I know, I left you all in suspense in My Retro Bedside Table Refurb Part 1.
In my defence, you guys got a chance to really think about that preparation process which is so so so important to a successful DIY result. I’m not going to make you wait any longer though, here is My Retro Bedside Table Refurb Part 2: Finishing! Yay! (As per usual, if you haven’t read Part 1 to this blog post, then go back and read it – this will just make zero sense if you don’t)
Step 4: Paaaaaaainting! I did a lot of research into choosing the correct paint for this project. I ended up purchasing a Chalk Emulsion Paint by Porters Paints in the colour Obsidian. This paint gave my bedside tables a soft, matte finish which I feel provided a more professional feel as all of my brush strokes and uneven painting was masked by the imperfect paint texture. If I had used a satin or gloss finish paint, every single brush stroke or piece of dust that decided to land on my project would have been clear as day… No. Thank. You!
I purchased a horse hair paint brush from Porters Paints while I was there for painting the smaller, more fiddly parts of my bedsides (the legs and joins mostly). For the larger, flat areas of the tables I used a paint roller – this saved time and gave a smoother finish to my painting. To achieve a ‘perfect’ paint finish, all of the DIY professionals recommend sanding between each coat of paint but… I chose not to do this. As I am not as patient a human as clearly these people are. I did 3 coats of paint on each bedside table. (I was also in the middle of binge listening to ‘My Favorite Murder’ podcast while I completed this task. I highly recommend listening to murder stories while painting, great fun).
Remember to always protect your floor (and your freshly painted table) with a tarp or sheet. No matter how neat you think you are, you will always end up dripping something, trust me.
Step 5: Protect & varnish your table! Simply painting your table is not enough, you need to protect the surface of your bedside table. Even if you don’t plan to pile up tea cups and water glasses onto that bad boy (I know you’re lying). Dust can build up on the surface and ruin your expertly applied paint finish. I chose to finish my bedsides with the accompanying Stucco Wax from Porters Paints. I hand applied this with a muslin cloth, also purchased from Porter’s Paints (it really is a DIY one-stop shop over there).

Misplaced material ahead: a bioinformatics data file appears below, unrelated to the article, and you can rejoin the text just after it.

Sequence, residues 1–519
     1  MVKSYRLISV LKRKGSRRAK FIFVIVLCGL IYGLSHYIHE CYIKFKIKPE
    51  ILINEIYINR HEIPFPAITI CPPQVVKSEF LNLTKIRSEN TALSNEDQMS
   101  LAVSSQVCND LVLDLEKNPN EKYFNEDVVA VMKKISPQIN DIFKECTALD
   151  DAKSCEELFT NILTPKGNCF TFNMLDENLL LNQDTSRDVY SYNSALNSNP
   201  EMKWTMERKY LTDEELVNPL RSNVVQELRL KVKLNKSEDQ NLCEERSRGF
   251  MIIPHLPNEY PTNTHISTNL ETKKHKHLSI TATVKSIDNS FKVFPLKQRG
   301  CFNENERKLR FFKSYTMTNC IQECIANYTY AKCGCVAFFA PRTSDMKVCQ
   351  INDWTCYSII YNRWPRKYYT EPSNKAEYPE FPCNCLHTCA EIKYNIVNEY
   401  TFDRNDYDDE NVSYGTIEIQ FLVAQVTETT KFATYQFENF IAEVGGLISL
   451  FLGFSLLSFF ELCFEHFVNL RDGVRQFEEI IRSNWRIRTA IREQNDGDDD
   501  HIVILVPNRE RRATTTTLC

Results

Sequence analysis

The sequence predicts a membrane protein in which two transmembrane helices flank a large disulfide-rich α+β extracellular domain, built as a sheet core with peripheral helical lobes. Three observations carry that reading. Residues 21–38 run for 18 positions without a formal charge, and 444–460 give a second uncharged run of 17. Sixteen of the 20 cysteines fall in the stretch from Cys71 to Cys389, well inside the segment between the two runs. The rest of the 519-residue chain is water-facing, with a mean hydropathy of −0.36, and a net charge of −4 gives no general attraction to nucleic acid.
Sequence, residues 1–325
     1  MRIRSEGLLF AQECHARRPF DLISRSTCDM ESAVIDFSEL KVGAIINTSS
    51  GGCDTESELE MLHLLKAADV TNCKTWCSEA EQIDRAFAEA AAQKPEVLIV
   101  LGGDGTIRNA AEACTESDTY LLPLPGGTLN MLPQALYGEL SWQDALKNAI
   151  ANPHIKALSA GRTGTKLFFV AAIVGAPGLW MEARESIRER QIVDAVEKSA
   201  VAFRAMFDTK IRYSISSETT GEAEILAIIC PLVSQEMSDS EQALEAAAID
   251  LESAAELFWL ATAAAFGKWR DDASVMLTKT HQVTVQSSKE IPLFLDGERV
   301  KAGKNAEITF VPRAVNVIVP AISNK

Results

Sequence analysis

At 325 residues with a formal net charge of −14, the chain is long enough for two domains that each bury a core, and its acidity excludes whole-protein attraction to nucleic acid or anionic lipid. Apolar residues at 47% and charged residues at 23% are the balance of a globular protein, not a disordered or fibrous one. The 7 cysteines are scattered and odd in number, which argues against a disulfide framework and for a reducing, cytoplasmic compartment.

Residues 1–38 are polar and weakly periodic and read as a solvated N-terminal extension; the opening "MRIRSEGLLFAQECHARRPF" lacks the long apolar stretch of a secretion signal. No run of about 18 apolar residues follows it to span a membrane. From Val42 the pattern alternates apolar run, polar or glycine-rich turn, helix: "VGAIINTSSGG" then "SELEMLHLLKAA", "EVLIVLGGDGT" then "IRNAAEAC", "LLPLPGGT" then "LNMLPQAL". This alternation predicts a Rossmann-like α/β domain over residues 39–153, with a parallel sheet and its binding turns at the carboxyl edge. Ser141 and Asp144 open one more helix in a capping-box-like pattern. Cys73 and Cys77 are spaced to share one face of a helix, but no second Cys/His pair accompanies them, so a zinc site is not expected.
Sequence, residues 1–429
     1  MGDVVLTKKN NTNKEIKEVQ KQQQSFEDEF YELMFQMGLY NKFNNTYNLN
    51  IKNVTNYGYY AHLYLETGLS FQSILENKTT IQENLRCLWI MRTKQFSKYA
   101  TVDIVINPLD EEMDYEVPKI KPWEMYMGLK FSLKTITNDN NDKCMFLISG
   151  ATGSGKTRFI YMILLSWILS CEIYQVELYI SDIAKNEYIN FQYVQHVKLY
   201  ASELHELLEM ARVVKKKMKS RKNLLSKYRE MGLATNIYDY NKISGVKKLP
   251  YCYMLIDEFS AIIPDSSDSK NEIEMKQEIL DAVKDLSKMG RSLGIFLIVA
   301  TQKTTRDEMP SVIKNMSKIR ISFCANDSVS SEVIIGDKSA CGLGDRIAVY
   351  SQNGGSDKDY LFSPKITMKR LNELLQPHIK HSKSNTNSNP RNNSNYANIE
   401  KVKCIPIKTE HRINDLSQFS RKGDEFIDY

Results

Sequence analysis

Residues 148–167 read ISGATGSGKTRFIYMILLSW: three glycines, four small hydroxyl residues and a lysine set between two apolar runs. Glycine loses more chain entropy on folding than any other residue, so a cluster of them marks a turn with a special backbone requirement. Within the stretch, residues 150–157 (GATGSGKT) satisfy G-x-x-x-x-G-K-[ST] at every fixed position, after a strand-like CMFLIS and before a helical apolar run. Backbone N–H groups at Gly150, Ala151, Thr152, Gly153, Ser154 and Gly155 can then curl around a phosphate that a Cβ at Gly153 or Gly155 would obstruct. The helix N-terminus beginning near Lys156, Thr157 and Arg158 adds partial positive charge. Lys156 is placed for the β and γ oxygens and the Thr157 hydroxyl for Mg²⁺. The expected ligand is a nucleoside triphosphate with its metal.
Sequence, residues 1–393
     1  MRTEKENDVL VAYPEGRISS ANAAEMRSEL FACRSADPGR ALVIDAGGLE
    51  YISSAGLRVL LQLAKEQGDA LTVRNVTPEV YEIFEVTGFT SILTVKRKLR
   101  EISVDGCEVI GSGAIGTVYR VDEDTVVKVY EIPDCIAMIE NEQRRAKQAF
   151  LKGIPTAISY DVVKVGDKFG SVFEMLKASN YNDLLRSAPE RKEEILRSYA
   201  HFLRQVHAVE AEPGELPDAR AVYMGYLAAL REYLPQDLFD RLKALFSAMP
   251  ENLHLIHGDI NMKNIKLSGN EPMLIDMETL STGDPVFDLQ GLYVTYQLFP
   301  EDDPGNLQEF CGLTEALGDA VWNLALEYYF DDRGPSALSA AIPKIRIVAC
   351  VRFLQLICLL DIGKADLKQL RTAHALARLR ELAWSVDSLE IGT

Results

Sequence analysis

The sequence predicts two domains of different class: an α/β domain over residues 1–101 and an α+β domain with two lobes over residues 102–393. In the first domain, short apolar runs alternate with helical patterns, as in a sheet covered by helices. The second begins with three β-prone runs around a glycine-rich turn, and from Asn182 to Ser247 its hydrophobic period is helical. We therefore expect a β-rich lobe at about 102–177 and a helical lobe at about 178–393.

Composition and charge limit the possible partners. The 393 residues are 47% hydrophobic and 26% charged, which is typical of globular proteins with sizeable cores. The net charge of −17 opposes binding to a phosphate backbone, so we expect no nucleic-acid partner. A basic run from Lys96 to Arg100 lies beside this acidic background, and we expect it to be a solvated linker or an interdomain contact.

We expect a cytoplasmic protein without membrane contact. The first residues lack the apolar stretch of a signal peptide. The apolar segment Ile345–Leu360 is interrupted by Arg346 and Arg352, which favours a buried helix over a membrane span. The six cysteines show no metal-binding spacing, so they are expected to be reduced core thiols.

The Stucco Wax was much, much smellier than I had anticipated. I didn’t investigate this and I applied my first coat indoors which was a huge mistake. My whole apartment smelt like turpentine for days (this is a really great way to make your flat mates hate you), I think I also lost several brain cells in the process and had a pounding headache. Learn from my mistakes, friends. Do everything in a well-ventilated space, preferably outside. I ended up applying 2 coats of Stucco Wax while allowing the coats to dry for 24 hours each.
Step 6: Sand off the Stucco Wax and re-varnish with a clear coat protectant. I found that the finish I achieved with the Stucco Wax was not durable enough for a bedside table, even with coasters (I pile up tea cups and water glasses on the reg. obvs). I decided to re-finish my tables with a clear coat polyurethane varnish that had a matte finish, not gloss. This way I still retained my matte appearance but the polyurethane varnish is a lot more durable than the Stucco Wax. I gave my tables a light sand to remove the wax, I applied a coat of paint and then applied the new clear coat varnish. Although the finish of the clear coat wasn’t as nice and rustic looking as the wax finish was, I couldn’t live with the softness and lack of water resistance that the wax finish gave.
Step 7: Hardware time! I planned ahead for this element of my bedside table refurb and actually, waiting for my new handles held up the production time of my project up by weeks! But it was worth it. I ordered a set of brass bamboo style drawer handles from Ebay. I think they cost about $9 for both and came in about 4 weeks. It took a lot of thinking and measuring to decide which size I should buy. I purchased the 9mm size which ended up being perfect! After measuring up the holes and drilling them in, my bedside tables were now adorned with their lovely jewellery.
Step 8: Line that drawer! When I purchased these bedside tables, one had a sweet drawer liner that looked like 1970’s gift wrap and the other had been drawn in by some child saying “Robyn waz here”. Sadly for Robyn, I covered up her (or his) claim to fame. I purchased some wallpaper offcuts from… you guessed it Porter’s Paint. I matched the paint colour perfectly with this metallic bubble design. It really was fate as I found the peeeeeerfect match! I trimmed the wallpaper to size and used a spray adhesive purchased from Bunnings to apply the drawer liner.
Step 9: Just kidding, you’re done! Yayyyyy!
And there you go. The journey of a pair of unloved bedside tables, now being cherished and looked after in their newly made-over state (it’s just like Clueless, but the furniture edition).
Now go forth and trawl eBay, Gum Tree and Facebook Marketplace for rejected furniture that you can pump full of life and smelly toxic Stucco Wax.
Until next time! xx